Leave it up to the client as to how they like to work and share information. #vatip Gotta Tweet!
Let your client take the lead because they may not want the extra step. #vatip Gotta Tweet!
If the client has not mentioned using a project management tool, we don’t do it. #vatip Gotta Tweet!
Hi and welcome to The Business of Being a Virtual Assistant. I’m your host, Tiffany Parson, and you are listening to and watching episode #98.
Today’s episode, I am answering a listener question in regards to a project management software, and the question came in from Deborah via the website. It was a comment on episode #97. This is Deborah’s question:
Hey! I’ve been listening on and off for the last 6 months. I’ve been looking for a project management software. I’m looking into Asana. Was wondering if you invite your clients as guests to their particular tasks?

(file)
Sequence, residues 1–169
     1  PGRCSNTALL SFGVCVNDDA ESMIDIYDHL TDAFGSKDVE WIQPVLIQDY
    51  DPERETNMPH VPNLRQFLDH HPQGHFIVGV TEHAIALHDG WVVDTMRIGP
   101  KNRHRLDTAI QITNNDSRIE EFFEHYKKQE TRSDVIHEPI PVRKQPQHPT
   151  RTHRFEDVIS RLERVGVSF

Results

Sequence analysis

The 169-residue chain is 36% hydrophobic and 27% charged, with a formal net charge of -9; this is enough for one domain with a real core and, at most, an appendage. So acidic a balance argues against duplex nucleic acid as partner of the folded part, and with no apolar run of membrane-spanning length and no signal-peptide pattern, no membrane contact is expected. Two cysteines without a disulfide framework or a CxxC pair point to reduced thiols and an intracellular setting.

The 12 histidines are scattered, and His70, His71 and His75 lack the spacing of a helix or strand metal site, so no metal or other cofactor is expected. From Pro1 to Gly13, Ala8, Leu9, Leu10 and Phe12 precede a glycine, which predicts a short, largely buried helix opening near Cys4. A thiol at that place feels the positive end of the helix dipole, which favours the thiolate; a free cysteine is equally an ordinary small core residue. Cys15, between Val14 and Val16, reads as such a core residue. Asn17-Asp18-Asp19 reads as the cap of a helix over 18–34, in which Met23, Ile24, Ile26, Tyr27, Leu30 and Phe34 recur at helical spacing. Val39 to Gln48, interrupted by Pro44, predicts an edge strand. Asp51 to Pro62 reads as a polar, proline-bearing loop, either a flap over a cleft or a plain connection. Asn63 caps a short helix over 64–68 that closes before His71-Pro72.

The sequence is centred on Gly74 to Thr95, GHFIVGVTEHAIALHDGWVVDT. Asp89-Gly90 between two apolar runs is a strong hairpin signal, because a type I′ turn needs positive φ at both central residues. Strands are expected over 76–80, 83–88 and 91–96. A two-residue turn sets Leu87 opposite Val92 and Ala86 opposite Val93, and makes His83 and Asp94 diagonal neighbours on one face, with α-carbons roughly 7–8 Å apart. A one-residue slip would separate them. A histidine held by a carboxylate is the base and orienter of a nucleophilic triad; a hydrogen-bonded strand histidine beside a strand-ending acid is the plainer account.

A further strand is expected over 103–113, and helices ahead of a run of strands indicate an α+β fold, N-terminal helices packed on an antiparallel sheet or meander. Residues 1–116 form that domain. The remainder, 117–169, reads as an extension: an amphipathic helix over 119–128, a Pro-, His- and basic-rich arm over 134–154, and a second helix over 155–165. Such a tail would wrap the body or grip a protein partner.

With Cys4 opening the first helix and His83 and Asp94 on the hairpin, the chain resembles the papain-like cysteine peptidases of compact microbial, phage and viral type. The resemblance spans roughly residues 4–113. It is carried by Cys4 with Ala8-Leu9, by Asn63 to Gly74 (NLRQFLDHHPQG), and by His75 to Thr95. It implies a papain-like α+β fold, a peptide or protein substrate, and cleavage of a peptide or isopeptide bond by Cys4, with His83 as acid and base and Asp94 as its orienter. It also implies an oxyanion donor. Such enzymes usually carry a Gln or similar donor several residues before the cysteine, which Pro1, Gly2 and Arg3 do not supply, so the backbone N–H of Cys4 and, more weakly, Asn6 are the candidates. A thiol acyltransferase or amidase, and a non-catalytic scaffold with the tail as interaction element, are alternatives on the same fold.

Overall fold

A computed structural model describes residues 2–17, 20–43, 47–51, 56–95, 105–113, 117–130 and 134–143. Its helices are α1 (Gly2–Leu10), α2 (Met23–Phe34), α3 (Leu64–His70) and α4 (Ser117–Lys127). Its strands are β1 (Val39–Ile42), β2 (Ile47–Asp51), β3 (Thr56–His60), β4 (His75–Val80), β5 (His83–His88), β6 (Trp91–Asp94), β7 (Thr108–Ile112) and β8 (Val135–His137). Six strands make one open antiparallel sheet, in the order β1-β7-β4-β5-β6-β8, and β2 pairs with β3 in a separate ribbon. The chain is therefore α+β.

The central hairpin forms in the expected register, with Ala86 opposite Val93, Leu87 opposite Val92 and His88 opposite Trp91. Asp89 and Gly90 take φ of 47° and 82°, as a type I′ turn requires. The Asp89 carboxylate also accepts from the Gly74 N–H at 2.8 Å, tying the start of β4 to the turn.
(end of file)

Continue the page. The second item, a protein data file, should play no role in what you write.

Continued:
I love this question because it’s not something that we have dove into on the podcast and I know that there may be other VA business owners with a similar question.
Now, Asana is a project management tool just like Basecamp. You may have heard of it. Asana has a free version as well as a paid version. Either one is fine. I actually started out with the free version and haven’t seen a need to upgrade at this point because of how we use Asana.
Now, to answer Deborah’s question, first off, thank you, Deborah, so much for listening on and off for the last six months. I appreciate you so much and I’m glad that you submitted your question. Now, there have been times that I have invited clients to a project on Asana, and there’s been times where they have invited me. There’s also been times where it was not a part of how we did the project at all, which is mostly what happens.
Let me tell you the way it works. For those of you who have never used it before, if you are watching, I’m going to share my screen. If you are not watching, once you’re done listening to the podcast, you can listen and pull up on the website as well. You go to Asana.com and you’ll be able to find it that way.